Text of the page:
The process to incorporate your business is easy, however, if done incorrectly could cost your business suspension and/or penalties. Hiring a paralegal with years of experience, specifically in corporate business, can save you many headaches in the future.
The process is simple:
1. Choose a business name
2. File Articles of Incorporation
3. Appoint Registered Agent
4. Prepare Corporate Bylaws
5. Appoint Directors & Hold Board Meeting
6. Issue Stock
7. File Statement of Information
8. Comply with Tax Requirements
The main reason why someone wants to incorporate a business is to separate personal assets from business liabilities.
What are the benefits to incorporate a business in California?
There are several benefits that come with incorporating a business. For example, most business owners can protect themselves from personal liability and build credibility by having Inc. or LLC after their company name. Here are some more benefits:
- Liability – Incorporating a business allows owners to segregate and protect their personal assets. Starting a business gives owners limited liability for business debts and obligations. If a company is unable to pay a debt, the creditor can require the owner to pay the outstanding debt. When a company is incorporated, a creditor can only attack the company to the extent that the shareholder has invested in the company (unless fraud is involved). Inclusion allows companies to make business decisions without taking a huge risk.
- Taxes – There are several tax advantages to starting a small business. A corporation can avoid double taxation by choosing the tax status of Subchapter S. Incorporation also reduces a company’s chance of being audited by the IRS. Sole proprietors tend to understate their income and are subject to strict scrutiny by the IRS.
- Credibility – By getting your company involved, you can build credibility in your industry. Starting a small business can help build a professional identity.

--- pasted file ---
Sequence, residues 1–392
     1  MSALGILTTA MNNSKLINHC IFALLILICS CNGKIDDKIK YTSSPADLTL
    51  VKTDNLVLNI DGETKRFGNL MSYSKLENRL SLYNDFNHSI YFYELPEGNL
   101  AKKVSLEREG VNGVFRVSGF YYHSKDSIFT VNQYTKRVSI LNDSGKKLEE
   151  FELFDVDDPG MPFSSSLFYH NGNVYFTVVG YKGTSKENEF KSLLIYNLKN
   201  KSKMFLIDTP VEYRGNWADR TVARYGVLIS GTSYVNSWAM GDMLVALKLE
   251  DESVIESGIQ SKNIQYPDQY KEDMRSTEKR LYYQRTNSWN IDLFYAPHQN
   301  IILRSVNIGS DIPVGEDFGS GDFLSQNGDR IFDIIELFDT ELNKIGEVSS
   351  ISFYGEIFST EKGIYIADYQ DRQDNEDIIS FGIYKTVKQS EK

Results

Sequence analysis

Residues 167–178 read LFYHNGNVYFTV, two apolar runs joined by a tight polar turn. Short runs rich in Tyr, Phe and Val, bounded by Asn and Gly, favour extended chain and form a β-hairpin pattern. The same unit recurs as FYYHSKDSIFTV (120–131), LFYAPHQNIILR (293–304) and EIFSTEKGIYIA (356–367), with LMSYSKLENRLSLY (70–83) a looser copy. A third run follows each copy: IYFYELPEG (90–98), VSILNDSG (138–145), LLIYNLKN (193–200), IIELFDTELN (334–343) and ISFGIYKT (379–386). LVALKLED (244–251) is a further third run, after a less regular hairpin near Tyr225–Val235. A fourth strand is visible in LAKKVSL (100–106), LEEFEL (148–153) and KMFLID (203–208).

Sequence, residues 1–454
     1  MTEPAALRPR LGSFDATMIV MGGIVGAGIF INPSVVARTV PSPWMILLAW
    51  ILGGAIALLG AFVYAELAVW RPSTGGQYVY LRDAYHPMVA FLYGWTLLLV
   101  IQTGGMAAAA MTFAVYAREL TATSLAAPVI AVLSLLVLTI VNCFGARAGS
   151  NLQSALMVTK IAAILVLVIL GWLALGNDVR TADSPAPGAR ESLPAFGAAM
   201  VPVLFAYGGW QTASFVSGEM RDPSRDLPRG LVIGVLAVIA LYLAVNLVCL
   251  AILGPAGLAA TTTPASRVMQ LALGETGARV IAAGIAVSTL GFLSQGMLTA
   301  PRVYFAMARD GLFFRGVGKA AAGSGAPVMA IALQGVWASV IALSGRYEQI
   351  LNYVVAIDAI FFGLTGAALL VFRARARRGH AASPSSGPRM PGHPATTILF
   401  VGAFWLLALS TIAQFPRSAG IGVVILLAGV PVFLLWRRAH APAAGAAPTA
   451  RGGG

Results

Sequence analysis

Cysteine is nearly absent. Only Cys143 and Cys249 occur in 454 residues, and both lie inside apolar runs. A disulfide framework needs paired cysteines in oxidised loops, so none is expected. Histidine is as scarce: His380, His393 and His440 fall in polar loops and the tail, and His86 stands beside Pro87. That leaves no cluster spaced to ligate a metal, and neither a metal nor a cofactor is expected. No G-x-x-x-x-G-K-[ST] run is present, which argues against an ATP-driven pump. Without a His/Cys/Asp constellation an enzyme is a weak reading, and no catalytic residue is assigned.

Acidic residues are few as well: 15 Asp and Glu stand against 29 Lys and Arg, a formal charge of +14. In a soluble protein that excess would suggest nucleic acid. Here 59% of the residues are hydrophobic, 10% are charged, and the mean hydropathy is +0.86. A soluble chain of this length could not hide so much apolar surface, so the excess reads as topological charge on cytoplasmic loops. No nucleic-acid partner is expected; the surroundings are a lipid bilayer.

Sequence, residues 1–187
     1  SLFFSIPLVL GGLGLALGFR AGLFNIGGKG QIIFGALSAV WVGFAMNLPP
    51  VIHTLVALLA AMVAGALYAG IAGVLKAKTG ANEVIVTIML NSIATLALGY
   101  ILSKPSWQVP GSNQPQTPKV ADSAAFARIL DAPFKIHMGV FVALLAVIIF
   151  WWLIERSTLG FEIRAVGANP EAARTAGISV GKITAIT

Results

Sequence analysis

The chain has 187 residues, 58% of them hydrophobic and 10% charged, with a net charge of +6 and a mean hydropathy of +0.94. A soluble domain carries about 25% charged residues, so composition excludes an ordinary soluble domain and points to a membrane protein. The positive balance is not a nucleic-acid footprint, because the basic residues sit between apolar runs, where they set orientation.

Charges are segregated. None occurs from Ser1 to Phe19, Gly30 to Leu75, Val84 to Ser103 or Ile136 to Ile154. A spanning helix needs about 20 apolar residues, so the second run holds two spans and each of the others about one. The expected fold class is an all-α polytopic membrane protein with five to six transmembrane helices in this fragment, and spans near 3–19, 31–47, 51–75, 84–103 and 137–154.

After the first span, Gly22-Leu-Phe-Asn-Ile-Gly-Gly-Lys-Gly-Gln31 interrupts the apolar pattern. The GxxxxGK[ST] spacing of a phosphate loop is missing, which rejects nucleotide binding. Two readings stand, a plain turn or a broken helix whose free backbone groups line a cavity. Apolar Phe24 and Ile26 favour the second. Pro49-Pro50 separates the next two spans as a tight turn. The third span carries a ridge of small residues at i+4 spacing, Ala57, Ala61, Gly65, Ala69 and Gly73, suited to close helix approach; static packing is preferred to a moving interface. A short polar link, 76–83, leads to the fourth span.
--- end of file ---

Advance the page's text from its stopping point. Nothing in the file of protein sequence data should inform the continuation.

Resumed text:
Disadvantages to incorporate a California corporation in another state
- Additional Fees – If a California corporation is formed in another state, there are double filing fees. A corporation must pay filing fees to the Secretary of State where it does business and pay Secretary of State fees where it is incorporated. If a California corporation is incorporated in another state, it must still register as a foreign corporation in California. In addition, a company also incurs the additional annual fees for a registered agent in the state of incorporation if it does not have a physical location there. These fees are typically several hundred dollars per year. Read more about the purpose of a registered agent in a previous blog dedicated to this important topic.
- Additional Franchise Taxes – When a company is incorporated in another state like Nevada or Delaware, the company must pay annual franchise taxes in both states – the state where it actually does business, such as California, and the founding state. For example, if your business is located in California but you are incorporated in Nevada, you must pay the California annual franchise tax of at least $800 plus the annual Nevada franchise tax.
- Additional Reporting Requirements – If you reside in another state, you have two levels of reporting requirements and must meet reporting requirements for both states. For example, if you incorporated your company in Nevada but are physically located in California, your company would need to comply with both Nevada and California reporting requirements.
Clearly, incorporating into another state may not be beneficial for your California business. You should ensure that the benefits of incorporating in another state outweigh the additional costs of incorporating in California, where your company is headquartered.
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1 thought on “Should You Incorporate Your Business In California?”
Thank you for providing such good information on your paralegal blogs!